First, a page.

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Comment: Publisher: Thames and Hudson
Date of Publication: 1989
Binding: paperback
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Condition: Good
Description: Clean internally and lightly used. The covers has label stuck to front with a little writing and marking in pen. Some light shelfwear and corner curl. Illustrated with line drawings and diagrams.
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Islamic Patterns: An Analytical and Cosmological Approach Paperback – 3 May 1983

4.0 out of 5 stars 3 customer reviews

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Product details

  • Paperback: 192 pages
  • Publisher: Thames & Hudson; 01 edition (3 May 1983)
  • Language: English
  • ISBN-10: 0500270716
  • ISBN-13: 978-0500270714
  • Product Dimensions: 1.9 x 21.6 x 26 cm
  • Average Customer Review: 4.0 out of 5 stars  See all reviews (3 customer reviews)
  • Amazon Bestsellers Rank: 219,523 in Books (See Top 100 in Books)
  • See Complete Table of Contents

Product Description

Review

'Will make intricate pattern-making much simpler to understand and create...highly recommended'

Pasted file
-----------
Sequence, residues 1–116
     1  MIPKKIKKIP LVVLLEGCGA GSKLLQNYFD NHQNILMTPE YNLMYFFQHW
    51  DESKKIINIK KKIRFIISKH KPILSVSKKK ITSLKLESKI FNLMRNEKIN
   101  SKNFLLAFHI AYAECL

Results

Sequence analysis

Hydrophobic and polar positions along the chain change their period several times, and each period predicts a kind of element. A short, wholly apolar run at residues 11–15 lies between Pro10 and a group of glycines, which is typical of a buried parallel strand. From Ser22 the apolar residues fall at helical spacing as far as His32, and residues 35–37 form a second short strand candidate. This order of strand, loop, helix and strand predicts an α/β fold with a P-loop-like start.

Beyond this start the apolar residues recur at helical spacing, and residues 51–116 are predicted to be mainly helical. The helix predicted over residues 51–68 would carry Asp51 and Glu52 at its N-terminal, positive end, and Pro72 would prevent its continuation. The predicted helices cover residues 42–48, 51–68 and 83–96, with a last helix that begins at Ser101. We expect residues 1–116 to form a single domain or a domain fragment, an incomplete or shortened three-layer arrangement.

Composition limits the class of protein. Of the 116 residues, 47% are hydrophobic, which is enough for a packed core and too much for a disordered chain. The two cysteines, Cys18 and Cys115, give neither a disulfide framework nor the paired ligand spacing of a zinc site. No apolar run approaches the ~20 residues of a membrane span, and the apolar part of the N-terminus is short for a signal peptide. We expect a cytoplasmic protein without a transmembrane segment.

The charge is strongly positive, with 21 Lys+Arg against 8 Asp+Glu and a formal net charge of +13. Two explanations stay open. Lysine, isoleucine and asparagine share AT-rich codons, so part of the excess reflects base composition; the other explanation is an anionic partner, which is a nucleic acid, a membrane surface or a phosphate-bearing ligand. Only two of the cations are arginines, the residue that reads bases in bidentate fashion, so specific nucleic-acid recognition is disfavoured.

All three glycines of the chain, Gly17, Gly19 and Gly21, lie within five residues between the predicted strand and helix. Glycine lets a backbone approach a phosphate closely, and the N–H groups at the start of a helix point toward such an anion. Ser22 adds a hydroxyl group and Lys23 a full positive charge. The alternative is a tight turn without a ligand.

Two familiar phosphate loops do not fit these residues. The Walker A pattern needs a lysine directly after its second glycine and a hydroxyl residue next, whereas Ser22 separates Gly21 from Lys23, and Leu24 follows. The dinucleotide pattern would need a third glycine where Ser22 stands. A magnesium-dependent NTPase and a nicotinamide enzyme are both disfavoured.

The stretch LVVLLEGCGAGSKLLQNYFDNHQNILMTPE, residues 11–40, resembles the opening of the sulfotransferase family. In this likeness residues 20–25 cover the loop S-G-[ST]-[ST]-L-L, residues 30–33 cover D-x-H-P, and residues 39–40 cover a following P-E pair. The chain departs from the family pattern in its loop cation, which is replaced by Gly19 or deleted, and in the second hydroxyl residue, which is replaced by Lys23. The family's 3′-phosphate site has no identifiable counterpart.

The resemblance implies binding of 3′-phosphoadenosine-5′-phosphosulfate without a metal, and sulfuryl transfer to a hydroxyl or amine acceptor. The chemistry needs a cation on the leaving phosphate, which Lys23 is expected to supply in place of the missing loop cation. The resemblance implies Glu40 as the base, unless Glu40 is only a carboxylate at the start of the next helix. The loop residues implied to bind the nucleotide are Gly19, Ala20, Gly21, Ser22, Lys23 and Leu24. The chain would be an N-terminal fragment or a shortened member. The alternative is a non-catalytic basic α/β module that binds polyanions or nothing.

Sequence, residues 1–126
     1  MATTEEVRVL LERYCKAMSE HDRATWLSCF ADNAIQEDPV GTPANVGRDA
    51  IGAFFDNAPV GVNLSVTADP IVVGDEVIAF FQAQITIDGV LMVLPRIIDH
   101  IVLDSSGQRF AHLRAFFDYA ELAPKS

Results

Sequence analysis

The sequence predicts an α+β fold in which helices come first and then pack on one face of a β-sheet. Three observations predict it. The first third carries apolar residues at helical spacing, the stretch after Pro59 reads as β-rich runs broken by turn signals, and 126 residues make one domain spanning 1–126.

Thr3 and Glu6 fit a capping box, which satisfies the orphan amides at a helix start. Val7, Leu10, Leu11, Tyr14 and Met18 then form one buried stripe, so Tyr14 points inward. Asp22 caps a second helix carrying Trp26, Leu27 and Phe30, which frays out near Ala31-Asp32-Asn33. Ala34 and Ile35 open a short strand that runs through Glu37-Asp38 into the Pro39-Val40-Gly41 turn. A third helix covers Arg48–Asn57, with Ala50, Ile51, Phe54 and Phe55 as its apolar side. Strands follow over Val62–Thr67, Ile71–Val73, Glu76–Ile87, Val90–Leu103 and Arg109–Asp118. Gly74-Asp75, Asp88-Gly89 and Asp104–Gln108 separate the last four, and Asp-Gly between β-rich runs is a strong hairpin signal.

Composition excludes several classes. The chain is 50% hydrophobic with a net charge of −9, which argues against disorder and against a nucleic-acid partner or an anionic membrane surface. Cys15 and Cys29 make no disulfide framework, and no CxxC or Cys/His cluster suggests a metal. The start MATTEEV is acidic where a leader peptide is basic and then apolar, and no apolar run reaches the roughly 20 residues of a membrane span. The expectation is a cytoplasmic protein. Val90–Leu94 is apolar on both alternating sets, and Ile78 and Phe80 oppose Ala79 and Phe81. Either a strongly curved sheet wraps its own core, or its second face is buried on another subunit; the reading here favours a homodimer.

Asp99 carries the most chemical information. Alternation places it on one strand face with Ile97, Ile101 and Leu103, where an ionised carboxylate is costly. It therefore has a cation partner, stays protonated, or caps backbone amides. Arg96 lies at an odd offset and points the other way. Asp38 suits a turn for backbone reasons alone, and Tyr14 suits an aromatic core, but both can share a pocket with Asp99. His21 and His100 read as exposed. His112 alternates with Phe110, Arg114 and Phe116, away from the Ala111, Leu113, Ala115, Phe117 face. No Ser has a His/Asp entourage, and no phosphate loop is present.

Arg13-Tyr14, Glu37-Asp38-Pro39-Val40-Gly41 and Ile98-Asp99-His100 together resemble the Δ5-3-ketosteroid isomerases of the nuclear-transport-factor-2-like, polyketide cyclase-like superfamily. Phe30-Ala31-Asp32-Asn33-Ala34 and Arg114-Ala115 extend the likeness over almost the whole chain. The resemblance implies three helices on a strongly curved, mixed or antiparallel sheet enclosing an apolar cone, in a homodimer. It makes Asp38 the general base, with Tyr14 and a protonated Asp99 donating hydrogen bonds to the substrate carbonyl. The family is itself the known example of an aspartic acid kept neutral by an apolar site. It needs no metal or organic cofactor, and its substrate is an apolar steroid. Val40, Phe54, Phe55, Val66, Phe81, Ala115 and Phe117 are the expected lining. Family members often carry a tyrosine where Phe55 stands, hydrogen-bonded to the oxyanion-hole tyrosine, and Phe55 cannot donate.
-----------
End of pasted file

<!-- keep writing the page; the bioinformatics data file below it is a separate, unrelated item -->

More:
-- Tile & Stone Journal

About the Author

Keith Critchlow is Director of Research and Director of Visual Islamic and Traditional Arts at the Prince of Wales Institute of Architecture. An internationally known lecturer on Islamic art, he is the author of "Pythagorean Geometry." He lives in England. --This text refers to an out of print or unavailable edition of this title.


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Top Customer Reviews

Format: Paperback Verified Purchase
Unless you love maths and have a real, real passion for understanding the concepts and mathmatical elements of design then get this book. If like me you want to learne how to create designs in a simple and easy way then don't get this book. This is a book more about theory than application.
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I wish I had discovered this book earlier!
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I suppose understanding the geometry of the cosmos and the relationship with the Creator is not a simple topic and Professor Critchlow does a great job in making this concept easy to understand.
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Most Helpful Customer Reviews on Amazon.com (beta)

Amazon.com: HASH(0x992fc60c) out of 5 stars 16 reviews
41 of 43 people found the following review helpful
HASH(0x993e11a4) out of 5 stars More than just a collection of cute patterns 11 Feb. 2001
By Martyn Richard Jones - Published on Amazon.com
Format: Paperback
This book is a must for artists, mathematicians, philosophers and anyone else interested in the foundations and rationale of Islamic art.